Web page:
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Clinicopathologic characterization of intradiverticular carcinoma of urinary bladder - a study of 22 cases from a single cancer center
Diagnostic Pathologyvolume 9, Article number: 222 (2014)
To examine histopathologic features and clinical outcomes of intradiverticular bladder carcinomas.
Twenty-two consecutive patients with intradiverticular bladder carcinoma treated with either endoscopic transurethral resection or partial or radical cystectomy at a single institution between years of 1995 to 2011. Clinicopathologic characteristics and oncologic outcomes of patients were retrospectively analyzed, including tissue histology re-review by genitourinary pathologists.
Histologically, 9 cases (41%) were non-invasive papillary urothelial carcinoma, 13 cases (59%) were invasive urothelial carcinoma, including three cases of small cell carcinoma. Final pathology revealed synchronous extradiverticular urothelial carcinomas in 6 out of 9 cases (67%) of non-invasive and 2 out of 10 cases (20%) invasive intradiverticular urothelial carcinoma, respectively. More than half of cases (13/22, 59%) showed a distinctive hypertrophic layer of muscularis mucosae. There was no statistical difference in disease free survival or overall survival between non-invasive and invasive tumors within approximately 3 years of follow up (mean 38 months, median 32 months). While stage T3 patients generally did poorly, oncologic outcomes for stage T1 patients were no different than those of stage Ta.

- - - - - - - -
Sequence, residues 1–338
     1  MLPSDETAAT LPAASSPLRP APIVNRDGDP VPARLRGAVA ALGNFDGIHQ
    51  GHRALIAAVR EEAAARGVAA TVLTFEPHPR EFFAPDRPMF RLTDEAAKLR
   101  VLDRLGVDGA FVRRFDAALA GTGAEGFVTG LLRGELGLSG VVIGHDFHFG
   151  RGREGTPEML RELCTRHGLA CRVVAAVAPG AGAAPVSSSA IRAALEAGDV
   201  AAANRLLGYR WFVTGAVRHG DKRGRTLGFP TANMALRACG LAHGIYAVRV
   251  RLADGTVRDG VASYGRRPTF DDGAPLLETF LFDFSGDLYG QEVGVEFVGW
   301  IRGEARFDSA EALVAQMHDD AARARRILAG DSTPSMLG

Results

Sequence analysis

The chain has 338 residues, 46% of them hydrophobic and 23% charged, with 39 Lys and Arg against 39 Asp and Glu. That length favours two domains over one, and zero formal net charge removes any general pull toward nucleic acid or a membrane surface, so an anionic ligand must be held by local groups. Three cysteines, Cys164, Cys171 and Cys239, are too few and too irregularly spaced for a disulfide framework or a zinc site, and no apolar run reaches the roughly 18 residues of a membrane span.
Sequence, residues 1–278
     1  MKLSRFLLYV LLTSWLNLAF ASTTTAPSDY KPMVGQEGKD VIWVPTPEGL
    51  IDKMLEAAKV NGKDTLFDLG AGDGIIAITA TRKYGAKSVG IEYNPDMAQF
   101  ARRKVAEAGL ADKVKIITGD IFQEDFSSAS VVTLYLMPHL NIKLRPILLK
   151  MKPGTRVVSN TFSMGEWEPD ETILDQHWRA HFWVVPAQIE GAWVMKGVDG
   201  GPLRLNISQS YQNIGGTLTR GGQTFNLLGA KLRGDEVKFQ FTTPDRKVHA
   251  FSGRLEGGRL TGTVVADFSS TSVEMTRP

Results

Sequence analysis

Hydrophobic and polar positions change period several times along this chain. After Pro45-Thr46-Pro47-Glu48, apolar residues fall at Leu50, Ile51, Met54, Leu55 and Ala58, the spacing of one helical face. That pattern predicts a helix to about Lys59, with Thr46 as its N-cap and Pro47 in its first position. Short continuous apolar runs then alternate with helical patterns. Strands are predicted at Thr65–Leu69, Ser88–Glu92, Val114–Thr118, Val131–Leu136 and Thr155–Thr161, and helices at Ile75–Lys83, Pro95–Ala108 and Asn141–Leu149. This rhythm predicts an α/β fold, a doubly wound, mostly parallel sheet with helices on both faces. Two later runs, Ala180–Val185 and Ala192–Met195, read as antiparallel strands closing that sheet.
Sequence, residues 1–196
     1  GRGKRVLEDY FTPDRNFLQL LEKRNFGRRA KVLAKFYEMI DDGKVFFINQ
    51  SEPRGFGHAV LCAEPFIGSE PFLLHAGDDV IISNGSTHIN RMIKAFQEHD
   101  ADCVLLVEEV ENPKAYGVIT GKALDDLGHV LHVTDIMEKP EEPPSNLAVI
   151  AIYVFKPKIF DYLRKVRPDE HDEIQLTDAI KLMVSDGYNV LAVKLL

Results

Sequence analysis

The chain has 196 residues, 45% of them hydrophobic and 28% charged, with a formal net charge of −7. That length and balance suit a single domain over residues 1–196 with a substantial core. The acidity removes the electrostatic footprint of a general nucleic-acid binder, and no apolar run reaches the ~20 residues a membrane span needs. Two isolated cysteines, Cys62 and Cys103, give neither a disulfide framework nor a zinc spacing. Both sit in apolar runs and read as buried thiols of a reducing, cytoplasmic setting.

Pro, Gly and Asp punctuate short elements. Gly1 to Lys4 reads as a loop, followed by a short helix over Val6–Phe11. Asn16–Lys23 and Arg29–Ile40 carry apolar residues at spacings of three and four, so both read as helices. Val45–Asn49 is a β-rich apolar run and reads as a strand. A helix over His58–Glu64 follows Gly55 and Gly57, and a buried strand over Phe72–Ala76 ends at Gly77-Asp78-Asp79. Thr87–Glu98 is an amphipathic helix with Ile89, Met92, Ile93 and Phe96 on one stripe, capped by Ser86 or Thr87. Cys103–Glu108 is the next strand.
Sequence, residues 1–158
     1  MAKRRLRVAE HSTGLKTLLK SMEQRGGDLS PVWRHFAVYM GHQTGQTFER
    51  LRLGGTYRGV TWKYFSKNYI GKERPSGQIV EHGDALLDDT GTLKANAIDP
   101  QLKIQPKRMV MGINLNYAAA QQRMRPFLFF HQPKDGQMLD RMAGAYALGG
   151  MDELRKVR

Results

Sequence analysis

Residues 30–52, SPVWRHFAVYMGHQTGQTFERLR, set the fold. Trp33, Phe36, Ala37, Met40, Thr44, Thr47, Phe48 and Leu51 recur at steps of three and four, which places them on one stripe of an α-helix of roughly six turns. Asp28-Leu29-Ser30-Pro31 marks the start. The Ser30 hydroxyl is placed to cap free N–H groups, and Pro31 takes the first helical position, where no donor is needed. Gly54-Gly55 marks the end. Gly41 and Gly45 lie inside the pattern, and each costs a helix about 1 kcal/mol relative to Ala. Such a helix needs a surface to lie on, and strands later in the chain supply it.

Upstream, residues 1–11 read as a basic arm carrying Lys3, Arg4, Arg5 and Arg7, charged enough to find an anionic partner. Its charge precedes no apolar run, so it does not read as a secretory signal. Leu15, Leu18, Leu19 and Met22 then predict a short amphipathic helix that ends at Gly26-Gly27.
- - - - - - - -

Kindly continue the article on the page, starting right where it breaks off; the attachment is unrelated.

Intradiverticular carcinomas are often associated with a hypertrophic layer of muscularis mucosae that can potentially confound tumor staging. Non-invasive intradiverticular urothelial carcinomas are more likely to have coexisting synchronous extradiverticular lesions. The absence of a muscularis propria layer may not necessarily predispose T1 tumors to more aggressive disease.
The virtual slide(s) for this article can be found here: http://www.diagnosticpathology.diagnomx.eu/vs/13000_2014_222